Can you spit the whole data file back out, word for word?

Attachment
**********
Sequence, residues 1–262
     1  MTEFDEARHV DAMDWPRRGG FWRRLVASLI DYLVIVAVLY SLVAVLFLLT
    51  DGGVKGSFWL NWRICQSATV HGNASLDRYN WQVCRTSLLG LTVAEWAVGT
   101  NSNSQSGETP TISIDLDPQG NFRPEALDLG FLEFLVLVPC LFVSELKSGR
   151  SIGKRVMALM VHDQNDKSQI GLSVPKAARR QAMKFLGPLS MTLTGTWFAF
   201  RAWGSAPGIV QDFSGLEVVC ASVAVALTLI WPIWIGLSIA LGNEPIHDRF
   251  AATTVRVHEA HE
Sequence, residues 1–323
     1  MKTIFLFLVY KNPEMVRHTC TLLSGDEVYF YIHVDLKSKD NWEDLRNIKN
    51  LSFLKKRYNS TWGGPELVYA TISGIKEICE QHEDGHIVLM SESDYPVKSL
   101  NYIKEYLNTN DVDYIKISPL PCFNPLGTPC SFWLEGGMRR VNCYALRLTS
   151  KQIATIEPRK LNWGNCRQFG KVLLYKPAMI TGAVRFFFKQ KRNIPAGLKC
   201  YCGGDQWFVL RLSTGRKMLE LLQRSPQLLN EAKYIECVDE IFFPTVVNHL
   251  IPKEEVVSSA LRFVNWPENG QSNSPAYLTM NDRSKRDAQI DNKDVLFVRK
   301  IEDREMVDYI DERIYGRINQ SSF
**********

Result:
Sequence, residues 1–262
     1  MTEFDEARHV DAMDWPRRGG FWRRLVASLI DYLVIVAVLY SLVAVLFLLT
    51  DGGVKGSFWL NWRICQSATV HGNASLDRYN WQVCRTSLLG LTVAEWAVGT
   101  NSNSQSGETP TISIDLDPQG NFRPEALDLG FLEFLVLVPC LFVSELKSGR
   151  SIGKRVMALM VHDQNDKSQI GLSVPKAARR QAMKFLGPLS MTLTGTWFAF
   201  RAWGSAPGIV QDFSGLEVVC ASVAVALTLI WPIWIGLSIA LGNEPIHDRF
   251  AATTVRVHEA HE
Sequence, residues 1–323
     1  MKTIFLFLVY KNPEMVRHTC TLLSGDEVYF YIHVDLKSKD NWEDLRNIKN
    51  LSFLKKRYNS TWGGPELVYA TISGIKEICE QHEDGHIVLM SESDYPVKSL
   101  NYIKEYLNTN DVDYIKISPL PCFNPLGTPC SFWLEGGMRR VNCYALRLTS
   151  KQIATIEPRK LNWGNCRQFG KVLLYKPAMI TGAVRFFFKQ KRNIPAGLKC
   201  YCGGDQWFVL RLSTGRKMLE LLQRSPQLLN EAKYIECVDE IFFPTVVNHL
   251  IPKEEVVSSA LRFVNWPENG QSNSPAYLTM NDRSKRDAQI DNKDVLFVRK
   301  IEDREMVDYI DERIYGRINQ SSF